7. Commonwealth of Independent States Free Trade Area (FTA; effective September 2012): This is an FTA between Russia, Ukraine, Belarus, Uzbekistan, Moldova, Armenia, Kyrgyzstan and Kazakhstan. The agreement was designed to reduce all trade fees on a number of goods between participating countries.
     
  8. Economic Cooperation Organization Trade Agreement (effective 2008): This trade agreement consists of a free trade region formed between Afghanistan, Azerbaijan, Iran, Kazakhstan, Kyrgyzstan, Pakistan, Tajikistan, Turkey, Turkmenistan and Uzbekistan. Intra-regional trade accounts for around 7.64% of the total trade among member states.

Under Negotiation

  1. Pakistan-Tajikistan Preferential Trade Agreement: Pakistan's major exports to Tajikistan include sugar, dairy products, medical and pharmaceutical products, and construction material including cement. Raw cotton, chemical materials and products, and glass and glassware are imported from Tajikistan.
     
  2. Eurasian Economic Union: Consists of Russia, Kazakhstan, Belarus, Krygyzstan and Armenia. No customs are levied on goods travelling within the customs union and members of the customs union impose a common external tariff on all goods entering the union. In a step towards joining this union, Tajikistan has applied a zero rate in import duty for goods originating from member states.

Sources: WTO Regional Trade Agreements database, Fitch Solutions

Investment Policy

Foreign Direct Investment

Foreign Direct Investment Policy

 

  1. The Tajikistani government continues to publicly advocate for increased foreign investment, particularly in energy and transport infrastructure. All sectors of Tajikistan’s economy are open to foreign participation with the exception of aviation, defence, security, and law enforcement, which require special government permission for the operation of such types of businesses or services.

  2. Among the key foreign investors are Nelson Gold Corporation (mining of gold and silver), Gulf International Minerals (mining of gold fields), Kabool Textiles and Adjind International (textile industry).

  3. Tajikistan’s legislation allows for 100% foreign ownership of local companies, but the government can legally expropriate property under the terms of Tajikistan's Law on Investments, Law on Privatisation, Law on Joint Stock Companies and Criminal Code.

  4. The State Committee on Investments and State Property Management of the Republic of Tajikistan chiefly facilitates FDI in the country.

  5. Tajikistan’s Investment Law (Article 4) guarantees equal rights for both local and foreign investors. According to this law, foreigners can invest by jointly owning shares in existing companies with other Tajikistani companies or Tajikistani citizens, by creating fully foreign-owned companies, or by concluding agreements with legal entities or citizens of Tajikistan that provide for other forms of foreign investment activity.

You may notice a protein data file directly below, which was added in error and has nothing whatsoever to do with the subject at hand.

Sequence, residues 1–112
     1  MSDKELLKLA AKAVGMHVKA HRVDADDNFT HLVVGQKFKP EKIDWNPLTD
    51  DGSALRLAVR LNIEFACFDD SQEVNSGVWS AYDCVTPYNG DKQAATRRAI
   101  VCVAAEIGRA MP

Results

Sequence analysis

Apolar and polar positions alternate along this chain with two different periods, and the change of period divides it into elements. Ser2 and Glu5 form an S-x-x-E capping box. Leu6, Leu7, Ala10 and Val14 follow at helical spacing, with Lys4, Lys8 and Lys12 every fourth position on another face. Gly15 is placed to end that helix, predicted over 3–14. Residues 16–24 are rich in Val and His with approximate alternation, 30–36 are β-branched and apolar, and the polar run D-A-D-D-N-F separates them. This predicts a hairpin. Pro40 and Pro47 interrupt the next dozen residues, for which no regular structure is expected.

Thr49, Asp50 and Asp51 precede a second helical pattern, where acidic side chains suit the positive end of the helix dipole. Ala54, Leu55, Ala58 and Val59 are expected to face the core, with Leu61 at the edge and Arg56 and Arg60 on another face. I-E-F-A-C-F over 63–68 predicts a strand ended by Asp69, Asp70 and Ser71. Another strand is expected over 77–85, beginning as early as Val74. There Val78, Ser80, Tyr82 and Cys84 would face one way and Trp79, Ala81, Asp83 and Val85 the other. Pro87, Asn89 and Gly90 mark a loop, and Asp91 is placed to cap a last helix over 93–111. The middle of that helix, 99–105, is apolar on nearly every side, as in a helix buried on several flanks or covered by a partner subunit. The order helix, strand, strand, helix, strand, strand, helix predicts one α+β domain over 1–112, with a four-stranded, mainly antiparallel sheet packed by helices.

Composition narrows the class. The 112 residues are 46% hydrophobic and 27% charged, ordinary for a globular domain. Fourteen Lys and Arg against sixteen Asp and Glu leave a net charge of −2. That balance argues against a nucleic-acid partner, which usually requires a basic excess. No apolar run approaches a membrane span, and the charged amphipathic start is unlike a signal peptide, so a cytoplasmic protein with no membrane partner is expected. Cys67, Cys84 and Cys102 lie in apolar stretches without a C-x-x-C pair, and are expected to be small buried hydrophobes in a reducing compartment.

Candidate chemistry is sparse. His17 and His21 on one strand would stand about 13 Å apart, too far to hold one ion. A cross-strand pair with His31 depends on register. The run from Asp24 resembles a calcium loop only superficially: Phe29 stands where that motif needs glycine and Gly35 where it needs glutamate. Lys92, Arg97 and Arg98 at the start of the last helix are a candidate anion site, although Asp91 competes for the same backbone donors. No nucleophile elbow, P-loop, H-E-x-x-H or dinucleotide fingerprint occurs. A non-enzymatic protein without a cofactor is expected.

6. Tajikistani law allows foreign firms to acquire assets, including shares and other securities, as well as land and mineral usage rights. Foreign firms may also exercise all property rights to which they are entitled, either independently or shared with other Tajikistani companies and citizens of Tajikistan.

  7. The State Investments and Property Management Committee is responsible for filing and coordinating foreign investment project proposals as they pass through the review pipeline.

  8. Tajikistan has a history of expropriating land based on the grounds that the properties involved were illegally privatised following Tajikistan's independence.

Sources: WTO - Trade Policy Review, ITA, US Department of Commerce, Fitch Solutions

Free Trade Zones and Investment Incentives

Free Trade Zone/Incentive Programme

Main Incentives Available

Free Economic Zones (FEZs): Sughd, Pyanj, Ishkoshim and Dangara

In these zones, investors benefit from:

- Free transfer of income abroad

- Import of goods to the FEZ is exempt from customs and taxes, as well as the application of prohibitions and restrictions of an economic nature, established in accordance with the Tajikistani law; export abroad of goods from FEZ is exempt from customs and taxes, as well as the application of prohibitions and restrictions of an economic nature, established in accordance with Tajikistani law.

- Profits of foreign investors and wages of foreign employees, resulting in a foreign currency, may be freely repatriated.

- A simplified procedure of entry and exit for foreign employees - including 50% decrease in consular fees.

- Exemption from all taxes, except individual income tax (from 8% to 13% withheld from employee salary) and social tax (25% from payroll budget).

- Businesses have the right to attract foreign workers, mainly in the position of managers and technical advisors; however, the number of foreign employees should not exceed 20% of the total number of employees in the FEZ.

- The one-stop registration process speeds up the process of opening a business.

Sources: US Department of Commerce, Fitch Solutions

Taxation – 2020